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This article was written to give you a better understanding about the importance of a decent warm-up for strength training. This will boost your performance!
In gyms most of the warm-up routines look like this: talking, checking Instagram, making sure that your selfie filter is ready, pumping out 10 fast reps with the bar… Ready, set, go...! This is not what a good warm-up should look like. A warm-up can make a huge difference in how your training is going to be. Riding a bicycle for 5min and then start squatting with your work set weight is not a good idea. Not only will it decrease your performance, the risk of injury is also a lot higher. Oh, and by the way, you didn’t warm-up your legs because you cycled for a few minutes. The muscles may be "warm" because you generated some blood flow into the muscle, but there are more important things that need to be done before you start your work set.
Everybody knows the feeling that your first set doesn’t feeling good and you already have to grind to get the weight up. The second set feels a bit better and the third set is feeling a lot better. How is this possible...? It was your warm-up routine that wasn’t good. In this article we will look at how you can improve your warm-up to get the most out of your training from your first set!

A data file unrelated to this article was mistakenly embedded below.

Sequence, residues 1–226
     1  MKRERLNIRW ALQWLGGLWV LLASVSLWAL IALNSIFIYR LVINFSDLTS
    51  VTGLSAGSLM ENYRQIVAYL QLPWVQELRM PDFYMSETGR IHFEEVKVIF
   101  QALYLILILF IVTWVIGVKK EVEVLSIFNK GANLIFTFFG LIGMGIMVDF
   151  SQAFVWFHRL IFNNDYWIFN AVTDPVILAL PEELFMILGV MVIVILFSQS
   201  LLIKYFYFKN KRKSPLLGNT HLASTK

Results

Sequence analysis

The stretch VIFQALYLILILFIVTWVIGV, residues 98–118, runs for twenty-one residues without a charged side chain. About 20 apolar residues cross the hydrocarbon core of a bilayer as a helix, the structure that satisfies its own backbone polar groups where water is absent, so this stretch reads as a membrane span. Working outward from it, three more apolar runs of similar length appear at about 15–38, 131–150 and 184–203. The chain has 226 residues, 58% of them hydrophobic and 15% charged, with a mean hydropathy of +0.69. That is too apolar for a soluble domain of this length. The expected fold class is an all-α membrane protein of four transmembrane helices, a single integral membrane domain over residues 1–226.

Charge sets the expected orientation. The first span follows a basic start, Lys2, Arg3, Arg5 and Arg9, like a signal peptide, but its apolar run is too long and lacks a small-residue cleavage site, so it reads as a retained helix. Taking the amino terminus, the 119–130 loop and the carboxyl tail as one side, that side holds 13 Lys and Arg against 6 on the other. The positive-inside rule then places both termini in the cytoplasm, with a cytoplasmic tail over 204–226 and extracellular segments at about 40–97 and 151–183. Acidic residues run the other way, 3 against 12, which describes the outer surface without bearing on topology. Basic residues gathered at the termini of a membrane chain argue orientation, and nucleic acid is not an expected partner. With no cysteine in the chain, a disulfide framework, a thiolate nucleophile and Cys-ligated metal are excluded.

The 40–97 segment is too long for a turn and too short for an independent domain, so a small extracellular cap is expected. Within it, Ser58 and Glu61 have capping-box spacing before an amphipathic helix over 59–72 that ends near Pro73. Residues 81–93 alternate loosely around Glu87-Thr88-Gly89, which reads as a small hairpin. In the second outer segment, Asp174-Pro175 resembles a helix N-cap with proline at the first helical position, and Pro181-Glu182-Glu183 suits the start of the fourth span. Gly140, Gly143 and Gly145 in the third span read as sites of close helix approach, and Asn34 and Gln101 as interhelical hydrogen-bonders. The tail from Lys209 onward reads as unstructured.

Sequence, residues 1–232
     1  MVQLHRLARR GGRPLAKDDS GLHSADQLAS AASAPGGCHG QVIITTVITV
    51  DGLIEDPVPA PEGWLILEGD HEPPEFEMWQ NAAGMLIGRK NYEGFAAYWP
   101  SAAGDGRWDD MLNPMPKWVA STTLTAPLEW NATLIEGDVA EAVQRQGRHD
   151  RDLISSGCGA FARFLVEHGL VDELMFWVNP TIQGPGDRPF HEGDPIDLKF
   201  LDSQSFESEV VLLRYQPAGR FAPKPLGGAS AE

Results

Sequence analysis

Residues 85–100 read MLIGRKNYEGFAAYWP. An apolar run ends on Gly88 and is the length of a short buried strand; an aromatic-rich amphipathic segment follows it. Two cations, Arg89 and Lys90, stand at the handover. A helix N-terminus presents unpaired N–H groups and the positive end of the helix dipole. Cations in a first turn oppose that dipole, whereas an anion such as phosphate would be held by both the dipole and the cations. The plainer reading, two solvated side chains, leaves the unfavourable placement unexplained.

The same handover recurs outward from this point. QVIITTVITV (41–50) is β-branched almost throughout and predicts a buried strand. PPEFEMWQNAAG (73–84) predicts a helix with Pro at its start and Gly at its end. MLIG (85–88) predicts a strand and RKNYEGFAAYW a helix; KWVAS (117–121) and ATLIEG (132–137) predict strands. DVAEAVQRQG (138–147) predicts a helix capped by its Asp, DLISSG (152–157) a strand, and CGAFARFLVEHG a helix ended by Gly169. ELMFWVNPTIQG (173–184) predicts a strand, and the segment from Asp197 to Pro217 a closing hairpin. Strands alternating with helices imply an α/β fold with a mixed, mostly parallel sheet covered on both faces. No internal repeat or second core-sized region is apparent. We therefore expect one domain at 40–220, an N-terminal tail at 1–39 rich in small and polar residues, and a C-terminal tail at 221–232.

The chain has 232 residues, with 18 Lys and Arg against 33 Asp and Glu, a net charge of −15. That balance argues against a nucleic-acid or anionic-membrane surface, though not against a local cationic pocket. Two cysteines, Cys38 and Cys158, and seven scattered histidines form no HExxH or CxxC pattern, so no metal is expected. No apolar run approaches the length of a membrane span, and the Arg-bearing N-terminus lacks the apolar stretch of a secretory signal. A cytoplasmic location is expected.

Let’s see what a good warm-up should look like!
A warm-up consists of different parts. The name we use for covering them all is the “movement prep”. We are prepping our body to move well. What are the most important parts of the movement prep?
1. Mobility
2. Motor control
3. Nervous system activation (NSA)
Before we do anything else, mobility is our biggest concern. We need mobility to get in a safe full range of motion in our movements. Without decent mobility we put our body at risk of injury.
Be aware, mobility is not the same as flexibility. In flexibility, we only look at active structures of the body (muscle, tendon, fascia). In mobility we look at the active AND passive structures (muscles, tendons, fascia, joints, ligaments, joint capsule). This is important because in some joints we will increase the range of movement, not by stretching but by mobilizing the joint itself.
My favourite mobility methods:
- Mobilization with movement:
Creating more movement in a joint by using movement and traction of the joint.
- FAT tool: